Gill Takes 5 Awards, Nelson Takes a Spot in Country Hall of Fame

<i> From Associated Press</i>

Vince Gill captured five trophies at the Country Music Assn.'s annual awards show Wednesday, but Willie Nelson won the audience’s heart as he was inducted into the Country Music Hall of Fame.

Gill, 36, received the entertainer of the year award, ending Garth Brooks’ string at two straight, and the best male vocalist award.

His impassioned version of “I Still Believe in You” was voted song and album of the year, and he was among 11 country stars who shared the vocal event of the year award.

He took the honors in stride.


“I’ve always operated under the theory that I don’t feel like I’m an entertainer,” he said. “I just feel like I’m a musician and I sing songs.”

Nelson, who shunned his trademark T-shirt, jeans and bandanna for formal attire, received a prolonged standing ovation as he was inducted into the Country Music Hall of Fame.

“I really thought you had to die to get here,” he said. “So I went ahead and dressed up just in case.”

Nelson, 60, sold Bibles and vacuum cleaners before his career as a singer and songwriter took off. On Wednesday, he became the 54th person inducted into the Hall of Fame, joining such greats as Johnny Cash, Roy Acuff, Minnie Pearl and Tennessee Ernie Ford.


“I’m way ahead of the game,” he said backstage. “Country music has given a lot more to me than I’ve given to it. I get to do what I want to do, live the way I want to live.”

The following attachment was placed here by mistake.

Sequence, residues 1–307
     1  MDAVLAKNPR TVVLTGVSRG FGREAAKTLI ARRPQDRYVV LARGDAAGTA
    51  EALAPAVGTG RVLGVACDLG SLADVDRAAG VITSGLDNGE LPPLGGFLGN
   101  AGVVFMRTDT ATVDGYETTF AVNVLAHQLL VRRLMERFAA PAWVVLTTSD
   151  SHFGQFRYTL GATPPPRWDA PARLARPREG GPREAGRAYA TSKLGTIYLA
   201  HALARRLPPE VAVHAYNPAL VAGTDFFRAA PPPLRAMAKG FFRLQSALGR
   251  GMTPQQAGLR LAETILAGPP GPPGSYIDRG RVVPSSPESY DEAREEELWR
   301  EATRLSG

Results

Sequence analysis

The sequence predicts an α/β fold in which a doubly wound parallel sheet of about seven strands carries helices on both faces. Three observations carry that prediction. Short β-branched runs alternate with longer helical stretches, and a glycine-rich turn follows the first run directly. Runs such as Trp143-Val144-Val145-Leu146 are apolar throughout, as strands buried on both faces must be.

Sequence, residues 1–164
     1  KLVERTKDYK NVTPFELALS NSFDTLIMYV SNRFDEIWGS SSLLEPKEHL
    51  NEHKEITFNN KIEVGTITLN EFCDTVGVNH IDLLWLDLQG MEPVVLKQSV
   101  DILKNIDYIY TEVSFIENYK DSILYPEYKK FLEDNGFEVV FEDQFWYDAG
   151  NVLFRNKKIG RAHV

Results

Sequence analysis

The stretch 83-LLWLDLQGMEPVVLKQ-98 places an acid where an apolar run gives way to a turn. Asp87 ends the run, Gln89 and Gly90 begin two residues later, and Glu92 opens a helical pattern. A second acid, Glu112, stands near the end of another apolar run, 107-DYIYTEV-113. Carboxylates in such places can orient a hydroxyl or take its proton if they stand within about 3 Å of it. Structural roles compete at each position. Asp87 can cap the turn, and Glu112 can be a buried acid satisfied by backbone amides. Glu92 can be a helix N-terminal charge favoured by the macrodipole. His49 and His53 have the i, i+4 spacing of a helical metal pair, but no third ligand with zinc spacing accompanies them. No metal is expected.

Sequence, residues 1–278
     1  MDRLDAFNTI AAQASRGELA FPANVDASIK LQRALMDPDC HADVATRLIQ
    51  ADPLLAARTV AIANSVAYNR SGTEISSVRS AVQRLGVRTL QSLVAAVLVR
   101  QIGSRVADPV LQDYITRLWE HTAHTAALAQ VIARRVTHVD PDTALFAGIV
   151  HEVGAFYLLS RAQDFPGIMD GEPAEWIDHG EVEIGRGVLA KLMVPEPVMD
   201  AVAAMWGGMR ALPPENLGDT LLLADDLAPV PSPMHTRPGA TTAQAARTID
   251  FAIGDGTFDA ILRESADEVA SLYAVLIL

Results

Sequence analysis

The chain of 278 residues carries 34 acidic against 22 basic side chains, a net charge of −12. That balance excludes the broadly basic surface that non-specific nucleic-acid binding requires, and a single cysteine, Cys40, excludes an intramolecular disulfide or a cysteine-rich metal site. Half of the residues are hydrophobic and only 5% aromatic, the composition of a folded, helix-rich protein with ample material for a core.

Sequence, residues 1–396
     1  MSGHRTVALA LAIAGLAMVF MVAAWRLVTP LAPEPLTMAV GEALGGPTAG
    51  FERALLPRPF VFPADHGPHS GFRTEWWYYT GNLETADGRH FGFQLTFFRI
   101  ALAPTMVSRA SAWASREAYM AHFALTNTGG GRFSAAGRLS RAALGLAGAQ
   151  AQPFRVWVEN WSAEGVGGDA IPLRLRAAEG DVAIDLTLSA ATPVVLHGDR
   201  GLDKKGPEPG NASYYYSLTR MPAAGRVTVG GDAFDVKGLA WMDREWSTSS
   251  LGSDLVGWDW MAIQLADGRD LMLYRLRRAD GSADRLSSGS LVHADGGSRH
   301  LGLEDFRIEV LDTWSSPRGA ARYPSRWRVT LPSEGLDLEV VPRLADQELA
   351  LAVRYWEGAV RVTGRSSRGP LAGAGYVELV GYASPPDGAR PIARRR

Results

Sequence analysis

Alan Jackson, who was nominated in seven categories, second only to Gill’s eight nominations, won for best single and music video for “Chattahoochee” and was one of the 11 who shared the event of the year award.

“Winning for a song about a place where I’m from and that’s from my real life was special,” said the 34-year-old Georgia native.

Mary-Chapin Carpenter won her second straight award as top female vocalist.

Brooks, who had been nominated in four categories this year, claimed only one honor, his share of the vocal event award.

The duo Brooks & Dunn, who have helped inspire the country dance craze with hits like “Boot Scootin’ Boogie,” won vocal duo of the year.

Diamond Rio was voted best vocal group for the second straight year, and singer Mark Chesnutt was chosen Horizon Award winner for most promising.

Fiddler Mark O’Connor, whose repertoire ranges from classical to country, won instrumentalist of the year.


Others who shared the vocal event award for “I Don’t Need Your Rockin’ Chair,” were Chesnutt, George Jones, Travis Tritt, Joe Diffie, Pam Tillis, T. Graham Brown, Patty Loveless and Clint Black.

The 27th annual awards ceremony was broadcast live on CBS-TV.